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law offices of merwyn j. miller
191 calle Magdalena, suite 270 • encinitas, San Diego County, ca  92024 • 760-436-8832

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Hidden Benefits for Disabled Vets!

Introduction
Questions Needing Answering
Increasing the VA Disability Rating
Retroactive Benefits
Dept. of Defense CRSC
Dept of Defense Requirements
VA Aid & Attendance
Medi-Cal & Financial Solutions
Conclusion


Dear Mr. Miller:

Introduction: I’m writing this on Memorial Day when we honor all of the Vets. My Dad was a Vet of the Vietnam War. He was disabled having been injured in battle. He received about $400 per month from the VA for the service connected disability. Later in life, his needs were increasing and he needed more money. He’s gone now, but for the benefit of all of those Vets still with us and in similar circumstances, was there anything we could do?

Caring Daughter

Dear Caring:

Questions Needing Answering: Thank you to your Dad for his service. There are potentially several options to look at. First, you don’t say what his disabilities were. Further, you don’t state what his rating was (the percent of disability). From the amount of the benefit, I am going to speculate that it was 30%. You also don’t state whether he was retired or not. All of these are important questions to arrive at the correct answer. (Back to top)

Increasing the VA Disability Rating: For any veteran with a rating, the first avenue to investigate is whether he should be rated higher. Have his symptoms gotten worse? Does he have a secondary problem–one that has been caused or aggravated by the first? Does he have a disability that is “presumptively” caused by his service, for example Agent Orange, a chemical used during that war, is presumed by law to have caused many symptoms and illnesses. Is he totally unemployable? Were there any mistakes made in the original rating? All of these factors would potentially allow for a higher rating (and consequently a higher benefit amount). (Back to top)

Retroactive Benefits: But keep in mind that VA claims of the service connected approach can take years to process so they do take patience. On the other hand, once a higher rating is granted, there can be an enormous pay out going back a number of years. So if your Dad’s rating was changed from 30% to 70% (certainly not an unheard of change) the monthly increase would be $852 per month. If the increase was awarded for only four years back it would amount to $40,000. That’s a tidy sum and it could go back further than four years! (Back to top)

Dept. of Defense CRSC: A totally different avenue to look at is the Department of Defense Combat Related Special Compensation Benefit. This is unknown to a lot of people who are eligible for it. It is payable to those military members who retired (or were retired for disability). It is designed to replace a portion of the retired pay that was offset due to receipt of the VA disability compensation. In other words, when a vet is entitled to service connected disability compensation he often must elect whether to keep his military retired pay or take the VA benefit, i.e. the VA benefit offsets (or is “deducted”) from the military retirement pay. Since the VA benefit is tax free and the retirement pay is not, the veteran will virtually always take the VA benefit.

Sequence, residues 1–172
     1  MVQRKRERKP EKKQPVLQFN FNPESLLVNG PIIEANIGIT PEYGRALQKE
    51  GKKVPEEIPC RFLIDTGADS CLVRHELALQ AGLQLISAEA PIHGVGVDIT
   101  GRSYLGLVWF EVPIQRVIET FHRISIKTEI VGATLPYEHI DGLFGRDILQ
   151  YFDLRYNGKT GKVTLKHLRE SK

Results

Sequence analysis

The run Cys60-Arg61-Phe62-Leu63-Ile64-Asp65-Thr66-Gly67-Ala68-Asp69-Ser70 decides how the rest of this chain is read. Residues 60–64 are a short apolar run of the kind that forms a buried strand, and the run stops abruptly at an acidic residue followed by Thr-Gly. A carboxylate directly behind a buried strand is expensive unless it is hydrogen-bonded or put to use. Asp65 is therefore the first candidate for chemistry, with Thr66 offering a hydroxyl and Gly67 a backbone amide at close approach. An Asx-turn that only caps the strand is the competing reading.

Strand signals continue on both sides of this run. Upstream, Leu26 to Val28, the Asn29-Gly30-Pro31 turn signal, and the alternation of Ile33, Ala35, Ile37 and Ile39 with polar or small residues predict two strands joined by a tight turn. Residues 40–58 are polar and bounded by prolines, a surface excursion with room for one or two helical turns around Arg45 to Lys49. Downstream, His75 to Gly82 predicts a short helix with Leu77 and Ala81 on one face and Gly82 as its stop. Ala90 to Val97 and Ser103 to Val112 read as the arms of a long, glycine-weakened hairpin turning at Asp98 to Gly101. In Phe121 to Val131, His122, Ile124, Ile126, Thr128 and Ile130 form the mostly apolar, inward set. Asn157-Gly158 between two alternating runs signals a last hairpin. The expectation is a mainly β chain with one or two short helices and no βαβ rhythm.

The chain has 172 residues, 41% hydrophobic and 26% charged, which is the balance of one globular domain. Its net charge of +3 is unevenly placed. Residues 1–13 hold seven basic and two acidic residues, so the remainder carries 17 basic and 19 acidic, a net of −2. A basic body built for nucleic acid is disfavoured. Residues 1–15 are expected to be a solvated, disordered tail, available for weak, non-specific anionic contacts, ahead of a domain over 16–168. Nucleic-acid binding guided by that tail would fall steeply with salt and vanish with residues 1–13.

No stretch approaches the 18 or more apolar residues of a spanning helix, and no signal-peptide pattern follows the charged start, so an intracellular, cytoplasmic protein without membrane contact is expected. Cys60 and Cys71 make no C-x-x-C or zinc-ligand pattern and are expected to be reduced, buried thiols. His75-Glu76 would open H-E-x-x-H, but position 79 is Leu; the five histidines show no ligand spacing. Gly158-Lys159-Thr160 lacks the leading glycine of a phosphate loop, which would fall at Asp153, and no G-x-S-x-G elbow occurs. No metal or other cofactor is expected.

The DoD benefit is designed to replace, in part, what was given up and is also tax free. This could have doubled what your Dad was receiving. (Back to top)

Dept of Defense Requirements: There are some basic requirements for this DoD benefit. You must have a VA disability rating, the disability must be combat related, although there are various subcategories of this with different definitions, you must be a military retiree or medical retiree. And you must apply for this benefit, it is not automatic. Further, and this is important, the claim must be filed before the Vet dies. If it is, and the Vet dies while it is being considered, the claim can be continued by his estate. (Back to top)

VA Aid & Attendance: A final avenue to consider is the VA non service connected disability aid and attendance pension. Eligibility for this benefit depends on net worth, monthly income and expenses and a few other items. For a vet with no dependents it can pay up to $1789 as of the writing of this article (5/31/15). One cannot receive both the service connected and non service connected benefit, essentially one receives whichever is larger. They are both tax free. This benefit could have increased your Dad’s VA payment by almost $1400 if he was eligible for it. (Back to top)

Medi-Cal & Financial Solutions: And, of course, if none of these benefits are available then there may be Medi-Cal (Medicaid) as a possibility or there may be purely financial solutions that can be investigated. (Back to top)

Conclusion: Bottom line, never assume nothing can be done as there is almost always something that can be done! But to do anything you need competent assistance. (Back to top)

May 31, 2015

   
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